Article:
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Austin, Garfield Park, North Lawndale

Weekly Pop-Up Grocery Store Brings Fresh Food Options To West Garfield Park After Aldi Closure

The pop up is the latest effort from neighborhood organizers to ensure West Siders have access to fresh food amid the dire lack of grocery stores.

A shopper picks out vegetables at the Garfield Park Grocery Pop-Up
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WEST GARFIELD PARK — A weekly grocery store is coming to the West Side, giving neighbors a place to buy fresh, affordable produce while local leaders work toward bringing a permanent supermarket to the area.

The Garfield Park Grocery Pop Up runs 2-6 p.m. Tuesdays at 4316 W. Madison St. The pop-up works as a full-service supermarket with over 30 kinds of fresh fruits and veggies, as well as meat, eggs, dry goods and pantry staples.

The project is aimed at giving West Garfield Park residents a place to buy nutritious groceries without traveling to other neighborhoods, said TJ Crawford, director of the Garfield Park Rite to Wellness Collaborative, one of the partners behind the market.

“This is representative of a community solution … where people can get very affordable and high-quality produce within walking distance in the neighborhood,” Crawford said.

Residents in the area have long struggled to find places to buy fresh food, often relying on gas stations and liquor stores instead of supermarkets. Like much of the West Side, West Garfield Park is considered to be a neighborhood under food apartheid, since historic disinvestment, segregation and racist policies have resulted in a dire lack of grocery stores and restaurants in the area.

West Garfield Park residents’ average life expectancy is 16 years shorter than people living Downtown, according to a 2015 Virginia Commonwealth University report. The disparity isn’t only due to shortcomings in clinical health care; social conditions like the lack of fresh food are major drivers of the so-called “death gap,” the study found.

Conditions worsened after Aldi, 3835 W. Madison St. abruptly closed last fall. After that, there was only one grocery store left in the entire neighborhood: a Save A Lot that also closed temporarily due to a rat infestation.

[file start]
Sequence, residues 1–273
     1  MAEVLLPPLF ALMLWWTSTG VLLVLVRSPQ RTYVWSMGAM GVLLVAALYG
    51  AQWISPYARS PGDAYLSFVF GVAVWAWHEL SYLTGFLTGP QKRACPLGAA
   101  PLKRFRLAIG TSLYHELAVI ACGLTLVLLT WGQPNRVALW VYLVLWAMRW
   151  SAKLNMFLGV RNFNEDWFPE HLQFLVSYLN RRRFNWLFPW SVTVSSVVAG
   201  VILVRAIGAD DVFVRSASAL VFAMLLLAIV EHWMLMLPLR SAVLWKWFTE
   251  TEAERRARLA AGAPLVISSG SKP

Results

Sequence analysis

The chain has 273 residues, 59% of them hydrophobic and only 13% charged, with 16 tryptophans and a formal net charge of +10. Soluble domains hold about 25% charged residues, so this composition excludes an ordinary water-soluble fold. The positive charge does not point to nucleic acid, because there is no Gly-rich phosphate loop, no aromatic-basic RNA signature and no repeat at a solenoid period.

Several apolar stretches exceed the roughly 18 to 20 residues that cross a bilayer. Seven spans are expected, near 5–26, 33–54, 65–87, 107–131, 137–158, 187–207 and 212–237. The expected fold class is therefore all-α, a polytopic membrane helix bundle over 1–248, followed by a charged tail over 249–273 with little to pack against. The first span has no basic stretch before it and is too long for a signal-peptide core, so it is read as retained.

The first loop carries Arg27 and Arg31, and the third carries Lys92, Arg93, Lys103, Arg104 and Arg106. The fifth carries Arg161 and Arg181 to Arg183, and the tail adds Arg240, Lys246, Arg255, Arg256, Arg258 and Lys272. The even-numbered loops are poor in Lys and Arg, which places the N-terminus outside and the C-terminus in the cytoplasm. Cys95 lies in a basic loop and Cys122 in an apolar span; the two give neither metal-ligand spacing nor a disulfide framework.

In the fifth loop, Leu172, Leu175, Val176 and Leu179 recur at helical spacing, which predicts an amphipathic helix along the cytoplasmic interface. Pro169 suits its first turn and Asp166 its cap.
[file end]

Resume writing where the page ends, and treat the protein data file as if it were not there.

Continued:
Neighborhood groups organized a series of emergency food distributions to feed the families who once relied on the grocery store, particularly seniors. The food giveaways were necessary to support families, “but they’re not a substitute” for a neighborhood grocery store since people still need the option to buy the foods they want, said Liz Abunaw, founder of 40 Acres Fresh Market and a partner on the pop-up.

“The commercial food landscape is not just about food. It’s about neighborhood infrastructure, it’s about commerce, jobs. That’s highly important,” Abunaw said.

Organizations including the Garfield Park Community Council, the Rite to Wellness Collaborative and West Side United partnered to support the pop-up grocery store so the neighborhood’s food ecosystems would have both emergency food options as well places to buy food. The pop-up is supported by a $25,000 grant from the Chicago Region Food System Fund, and the food is supplied by 40 Acres and Top Box Foods.

The project is a temporary series of pop-ups, but it is also a chance to “gather data, and understand what Garfield Park customers want to see and give them an opportunity to spend money in their community in a way that is a good experience,” Abunaw said.

Organizers are applying for funds to extend the market past its original run. The market has so far been well received by customers, Abunaw said. The project also lays a foundation for future markets, and the data on what works and what doesn’t can be used in the future to attract a permanent grocer to the area, she said.

The temporary market is “part of a multi-prong solution to creating quality access to food in West Garfield Park,” Crawford said. The Rite to Wellness Collaborative has a longer-term plan for bringing a grocery store to replace the closed Aldi, and city hall has signed on to support that vision by authorizing the planning department to purchase the vacant building to facilitate a deal.

“This is a model for what can we can have on a consistent or more permanent basis,” Crawford said.

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